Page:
Difference between revisions of "Wakefield, Hayes, Durkin, and Borland (2013)"

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Clearly, the implication that everyone who thinks about quitting, [[Stated preferences do not align with revealed preferences|actually does]], is nonsense.
 
Clearly, the implication that everyone who thinks about quitting, [[Stated preferences do not align with revealed preferences|actually does]], is nonsense.
  
The fact that these numbers equate to
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The fact that these numbers equate to a nigh-on 10% difference in a cohort that seemed inclined to quit anyway doesn't really give much confidence in even the thoughts of the subjects:
 
{{quote2|57.1% of those smoking from branded packs were "seriously considering quitting in the next 6 months", whereas this rose to 68.8% for those smoking from plain packs.<ref>[http://velvetgloveironfist.blogspot.co.uk/2013/07/that-plain-packaging-study.html That plain packaging study ] - Velvet Glove, Iron Fist blog</ref> }}
 
{{quote2|57.1% of those smoking from branded packs were "seriously considering quitting in the next 6 months", whereas this rose to 68.8% for those smoking from plain packs.<ref>[http://velvetgloveironfist.blogspot.co.uk/2013/07/that-plain-packaging-study.html That plain packaging study ] - Velvet Glove, Iron Fist blog</ref> }}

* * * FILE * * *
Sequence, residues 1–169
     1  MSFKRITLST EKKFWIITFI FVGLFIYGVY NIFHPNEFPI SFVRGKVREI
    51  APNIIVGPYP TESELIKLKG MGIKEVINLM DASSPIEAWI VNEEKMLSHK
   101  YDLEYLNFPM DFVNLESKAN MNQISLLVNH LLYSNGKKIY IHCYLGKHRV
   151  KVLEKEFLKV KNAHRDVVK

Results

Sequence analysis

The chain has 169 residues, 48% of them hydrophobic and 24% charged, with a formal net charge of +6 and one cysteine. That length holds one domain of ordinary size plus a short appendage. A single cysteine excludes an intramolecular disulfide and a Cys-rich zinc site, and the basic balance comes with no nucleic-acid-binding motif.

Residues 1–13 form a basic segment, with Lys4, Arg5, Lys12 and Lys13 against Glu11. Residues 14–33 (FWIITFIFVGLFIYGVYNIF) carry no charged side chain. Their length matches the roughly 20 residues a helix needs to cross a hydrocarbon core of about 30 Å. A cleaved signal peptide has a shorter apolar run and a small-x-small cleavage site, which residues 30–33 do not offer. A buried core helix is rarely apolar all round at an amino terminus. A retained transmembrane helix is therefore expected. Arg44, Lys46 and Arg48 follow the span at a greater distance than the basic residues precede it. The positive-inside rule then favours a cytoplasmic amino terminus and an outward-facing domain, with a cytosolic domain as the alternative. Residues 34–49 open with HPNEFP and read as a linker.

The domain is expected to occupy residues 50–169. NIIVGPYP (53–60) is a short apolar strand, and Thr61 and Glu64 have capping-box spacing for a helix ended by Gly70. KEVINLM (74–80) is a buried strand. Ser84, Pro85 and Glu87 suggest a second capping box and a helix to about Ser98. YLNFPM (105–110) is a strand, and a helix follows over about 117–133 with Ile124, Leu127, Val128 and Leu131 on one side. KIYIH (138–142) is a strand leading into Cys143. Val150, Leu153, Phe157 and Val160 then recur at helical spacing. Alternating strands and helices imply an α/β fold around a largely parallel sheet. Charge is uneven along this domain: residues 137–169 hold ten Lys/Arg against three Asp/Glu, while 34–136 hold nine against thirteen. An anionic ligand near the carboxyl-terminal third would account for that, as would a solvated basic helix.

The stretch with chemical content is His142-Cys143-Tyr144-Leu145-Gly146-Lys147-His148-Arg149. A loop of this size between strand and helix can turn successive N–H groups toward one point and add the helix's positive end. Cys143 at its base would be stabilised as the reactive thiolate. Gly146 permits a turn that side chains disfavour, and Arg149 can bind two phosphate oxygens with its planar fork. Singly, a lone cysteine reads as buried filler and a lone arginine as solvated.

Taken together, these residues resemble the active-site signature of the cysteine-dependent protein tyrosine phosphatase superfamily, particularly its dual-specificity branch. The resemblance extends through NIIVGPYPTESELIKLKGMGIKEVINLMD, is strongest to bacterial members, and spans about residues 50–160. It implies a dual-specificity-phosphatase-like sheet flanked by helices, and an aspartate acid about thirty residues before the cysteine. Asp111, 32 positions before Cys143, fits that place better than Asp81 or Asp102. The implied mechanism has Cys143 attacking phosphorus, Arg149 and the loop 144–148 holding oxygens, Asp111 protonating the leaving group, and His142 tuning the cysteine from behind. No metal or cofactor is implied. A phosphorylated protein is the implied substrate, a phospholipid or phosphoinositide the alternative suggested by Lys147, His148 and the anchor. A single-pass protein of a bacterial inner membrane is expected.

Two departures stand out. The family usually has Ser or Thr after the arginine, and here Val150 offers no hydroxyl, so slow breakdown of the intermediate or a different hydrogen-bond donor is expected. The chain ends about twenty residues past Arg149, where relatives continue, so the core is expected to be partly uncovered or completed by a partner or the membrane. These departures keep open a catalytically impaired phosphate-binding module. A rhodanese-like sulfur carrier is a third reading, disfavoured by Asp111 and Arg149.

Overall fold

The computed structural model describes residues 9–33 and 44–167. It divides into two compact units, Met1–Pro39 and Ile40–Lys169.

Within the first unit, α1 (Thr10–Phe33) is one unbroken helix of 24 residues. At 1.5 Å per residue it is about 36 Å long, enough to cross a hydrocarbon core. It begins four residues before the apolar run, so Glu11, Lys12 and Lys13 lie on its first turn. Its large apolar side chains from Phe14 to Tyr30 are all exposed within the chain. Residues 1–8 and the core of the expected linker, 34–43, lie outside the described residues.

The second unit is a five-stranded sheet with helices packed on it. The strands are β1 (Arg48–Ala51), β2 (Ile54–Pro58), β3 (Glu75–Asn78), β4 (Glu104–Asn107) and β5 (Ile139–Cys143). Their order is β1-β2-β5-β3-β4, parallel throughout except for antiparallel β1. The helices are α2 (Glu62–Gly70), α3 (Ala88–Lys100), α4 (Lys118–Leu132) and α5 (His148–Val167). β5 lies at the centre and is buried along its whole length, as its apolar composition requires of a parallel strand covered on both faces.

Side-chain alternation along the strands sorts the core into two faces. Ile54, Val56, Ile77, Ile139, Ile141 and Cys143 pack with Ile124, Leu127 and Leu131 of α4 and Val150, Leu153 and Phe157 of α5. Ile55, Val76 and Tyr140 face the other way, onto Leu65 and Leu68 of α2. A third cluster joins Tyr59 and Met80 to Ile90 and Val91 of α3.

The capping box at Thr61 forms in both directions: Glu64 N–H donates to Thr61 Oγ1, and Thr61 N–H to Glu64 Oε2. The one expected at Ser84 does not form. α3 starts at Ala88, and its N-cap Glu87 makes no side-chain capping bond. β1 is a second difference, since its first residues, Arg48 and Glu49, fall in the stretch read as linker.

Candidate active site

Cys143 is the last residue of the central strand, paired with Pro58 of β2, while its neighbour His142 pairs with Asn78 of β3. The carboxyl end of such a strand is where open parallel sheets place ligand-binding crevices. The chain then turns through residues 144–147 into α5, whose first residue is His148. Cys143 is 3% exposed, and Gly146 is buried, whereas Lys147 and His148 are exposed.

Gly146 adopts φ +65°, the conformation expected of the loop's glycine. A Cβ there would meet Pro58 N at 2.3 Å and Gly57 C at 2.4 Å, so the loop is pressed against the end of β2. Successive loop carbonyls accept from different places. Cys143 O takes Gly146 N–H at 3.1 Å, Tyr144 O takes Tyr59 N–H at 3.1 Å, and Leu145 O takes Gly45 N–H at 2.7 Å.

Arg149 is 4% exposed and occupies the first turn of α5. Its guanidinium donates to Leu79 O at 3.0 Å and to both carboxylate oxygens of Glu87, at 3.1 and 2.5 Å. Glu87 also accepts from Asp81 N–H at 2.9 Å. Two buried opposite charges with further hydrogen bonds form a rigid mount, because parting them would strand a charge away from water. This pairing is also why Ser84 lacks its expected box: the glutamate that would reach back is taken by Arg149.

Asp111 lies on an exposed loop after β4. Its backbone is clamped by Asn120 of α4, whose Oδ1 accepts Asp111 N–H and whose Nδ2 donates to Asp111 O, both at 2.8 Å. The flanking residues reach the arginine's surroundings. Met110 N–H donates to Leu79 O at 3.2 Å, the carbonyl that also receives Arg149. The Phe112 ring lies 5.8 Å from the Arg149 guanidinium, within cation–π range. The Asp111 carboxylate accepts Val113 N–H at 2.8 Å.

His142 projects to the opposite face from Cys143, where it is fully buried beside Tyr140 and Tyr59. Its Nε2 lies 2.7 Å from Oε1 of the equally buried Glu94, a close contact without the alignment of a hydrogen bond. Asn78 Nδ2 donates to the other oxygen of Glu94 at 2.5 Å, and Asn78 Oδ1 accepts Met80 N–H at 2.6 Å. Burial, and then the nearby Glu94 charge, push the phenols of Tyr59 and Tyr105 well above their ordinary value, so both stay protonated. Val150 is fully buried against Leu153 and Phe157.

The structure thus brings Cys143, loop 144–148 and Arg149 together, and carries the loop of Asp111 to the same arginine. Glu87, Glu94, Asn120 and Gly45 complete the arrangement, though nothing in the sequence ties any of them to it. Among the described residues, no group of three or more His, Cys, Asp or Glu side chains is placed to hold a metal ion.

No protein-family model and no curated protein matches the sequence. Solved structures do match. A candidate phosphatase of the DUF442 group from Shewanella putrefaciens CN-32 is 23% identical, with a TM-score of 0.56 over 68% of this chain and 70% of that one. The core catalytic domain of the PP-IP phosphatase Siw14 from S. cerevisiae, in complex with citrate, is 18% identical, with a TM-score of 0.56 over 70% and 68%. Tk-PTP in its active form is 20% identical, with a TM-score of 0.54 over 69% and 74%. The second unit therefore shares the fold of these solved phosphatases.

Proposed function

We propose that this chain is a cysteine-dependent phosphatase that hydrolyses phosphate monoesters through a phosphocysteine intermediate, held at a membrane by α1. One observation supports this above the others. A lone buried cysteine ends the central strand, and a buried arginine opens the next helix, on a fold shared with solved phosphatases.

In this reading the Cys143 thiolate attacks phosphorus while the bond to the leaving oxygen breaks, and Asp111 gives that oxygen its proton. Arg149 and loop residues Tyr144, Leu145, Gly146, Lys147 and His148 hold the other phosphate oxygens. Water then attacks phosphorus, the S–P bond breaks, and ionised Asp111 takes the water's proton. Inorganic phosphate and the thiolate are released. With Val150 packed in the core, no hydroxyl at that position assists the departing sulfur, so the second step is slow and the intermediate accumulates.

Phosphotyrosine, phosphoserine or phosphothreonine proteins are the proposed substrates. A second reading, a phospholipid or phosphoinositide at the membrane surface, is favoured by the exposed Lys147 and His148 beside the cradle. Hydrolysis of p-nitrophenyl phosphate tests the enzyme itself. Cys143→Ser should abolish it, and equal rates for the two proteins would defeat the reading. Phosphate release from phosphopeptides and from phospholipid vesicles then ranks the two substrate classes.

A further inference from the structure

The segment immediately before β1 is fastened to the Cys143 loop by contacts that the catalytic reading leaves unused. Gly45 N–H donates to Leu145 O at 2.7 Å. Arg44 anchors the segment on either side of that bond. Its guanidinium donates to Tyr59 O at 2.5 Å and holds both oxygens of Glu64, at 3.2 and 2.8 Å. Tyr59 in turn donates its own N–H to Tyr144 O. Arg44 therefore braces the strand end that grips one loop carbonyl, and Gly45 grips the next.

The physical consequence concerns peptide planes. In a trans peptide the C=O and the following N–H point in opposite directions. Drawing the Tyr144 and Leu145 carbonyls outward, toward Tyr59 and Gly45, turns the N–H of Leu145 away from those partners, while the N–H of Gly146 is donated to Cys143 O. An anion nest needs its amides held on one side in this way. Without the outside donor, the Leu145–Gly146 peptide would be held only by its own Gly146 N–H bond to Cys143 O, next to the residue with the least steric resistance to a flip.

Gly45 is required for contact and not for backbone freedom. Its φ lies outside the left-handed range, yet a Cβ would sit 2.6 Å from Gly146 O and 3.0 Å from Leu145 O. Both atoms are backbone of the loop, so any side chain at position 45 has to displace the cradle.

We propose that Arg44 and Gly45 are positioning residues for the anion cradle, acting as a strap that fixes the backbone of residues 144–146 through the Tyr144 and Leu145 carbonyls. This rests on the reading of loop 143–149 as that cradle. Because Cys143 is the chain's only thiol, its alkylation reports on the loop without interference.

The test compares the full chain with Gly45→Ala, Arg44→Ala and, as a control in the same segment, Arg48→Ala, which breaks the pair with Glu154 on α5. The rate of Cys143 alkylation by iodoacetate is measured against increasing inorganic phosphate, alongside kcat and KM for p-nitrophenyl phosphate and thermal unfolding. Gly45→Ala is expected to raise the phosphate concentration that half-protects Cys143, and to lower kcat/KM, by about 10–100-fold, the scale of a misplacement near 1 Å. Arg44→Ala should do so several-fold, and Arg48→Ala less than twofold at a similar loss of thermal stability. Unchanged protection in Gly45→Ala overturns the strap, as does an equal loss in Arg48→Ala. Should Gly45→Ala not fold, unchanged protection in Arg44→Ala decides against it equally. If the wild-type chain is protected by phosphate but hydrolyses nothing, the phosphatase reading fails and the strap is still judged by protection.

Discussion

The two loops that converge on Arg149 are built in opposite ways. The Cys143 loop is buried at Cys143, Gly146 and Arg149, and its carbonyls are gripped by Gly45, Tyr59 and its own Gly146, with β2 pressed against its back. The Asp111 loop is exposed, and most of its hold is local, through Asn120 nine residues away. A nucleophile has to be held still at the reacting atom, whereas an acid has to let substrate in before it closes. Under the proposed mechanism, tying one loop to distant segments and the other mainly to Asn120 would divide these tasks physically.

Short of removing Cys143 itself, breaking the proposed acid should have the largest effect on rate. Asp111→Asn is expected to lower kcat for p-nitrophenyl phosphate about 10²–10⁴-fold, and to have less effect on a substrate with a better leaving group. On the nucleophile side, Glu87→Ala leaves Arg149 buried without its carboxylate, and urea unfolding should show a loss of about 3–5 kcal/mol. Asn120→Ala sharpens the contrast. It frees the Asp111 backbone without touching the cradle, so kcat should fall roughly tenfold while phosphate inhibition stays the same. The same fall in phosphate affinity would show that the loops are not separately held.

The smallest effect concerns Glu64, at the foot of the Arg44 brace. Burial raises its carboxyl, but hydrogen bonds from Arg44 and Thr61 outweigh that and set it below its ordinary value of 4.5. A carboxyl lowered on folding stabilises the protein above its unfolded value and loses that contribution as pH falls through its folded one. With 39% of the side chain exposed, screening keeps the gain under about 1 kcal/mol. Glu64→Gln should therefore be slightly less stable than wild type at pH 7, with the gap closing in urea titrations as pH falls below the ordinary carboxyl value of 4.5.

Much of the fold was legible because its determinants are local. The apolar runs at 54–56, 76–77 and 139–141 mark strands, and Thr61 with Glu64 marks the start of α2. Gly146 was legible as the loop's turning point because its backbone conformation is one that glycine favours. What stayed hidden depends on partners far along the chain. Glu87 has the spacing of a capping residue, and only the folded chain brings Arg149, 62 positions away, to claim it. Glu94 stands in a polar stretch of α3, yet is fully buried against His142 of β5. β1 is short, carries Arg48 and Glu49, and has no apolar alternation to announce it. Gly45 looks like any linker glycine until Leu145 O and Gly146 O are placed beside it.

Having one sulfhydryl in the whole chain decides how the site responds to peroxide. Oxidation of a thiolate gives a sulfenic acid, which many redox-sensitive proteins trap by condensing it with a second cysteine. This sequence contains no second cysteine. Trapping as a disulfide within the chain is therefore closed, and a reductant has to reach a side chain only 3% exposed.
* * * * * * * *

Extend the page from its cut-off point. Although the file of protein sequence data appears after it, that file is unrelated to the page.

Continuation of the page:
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Note, too, that no follow-up was every carried out. The authors of the report still don't know how many of those 57.1% (or, indeed 68.8%) actually gave up!
  
 
== Authors ==
 
== Authors ==

Revision as of 13:53, 23 July 2013

A rather one-sided review of the Australian [plain packaging] experiment entitled Introduction effects of the Australian plain packaging policy on adult smokers: a cross-sectional study, notoriously used as proof of success in since one of its conclusions was

(smokers on plain packs) were more likely to have thought about quitting at least once a day in the past week (AdjOR=1.81, p=0.013) and to rate quitting as a higher priority in their lives (F=13.11, df=1, p<0.001).

Clearly, the implication that everyone who thinks about quitting, actually does, is nonsense.

The fact that these numbers equate to a nigh-on 10% difference in a cohort that seemed inclined to quit anyway doesn't really give much confidence in even the thoughts of the subjects:

57.1% of those smoking from branded packs were "seriously considering quitting in the next 6 months", whereas this rose to 68.8% for those smoking from plain packs.[1]

Note, too, that no follow-up was every carried out. The authors of the report still don't know how many of those 57.1% (or, indeed 68.8%) actually gave up!

Authors

References

  1. That plain packaging study - Velvet Glove, Iron Fist blog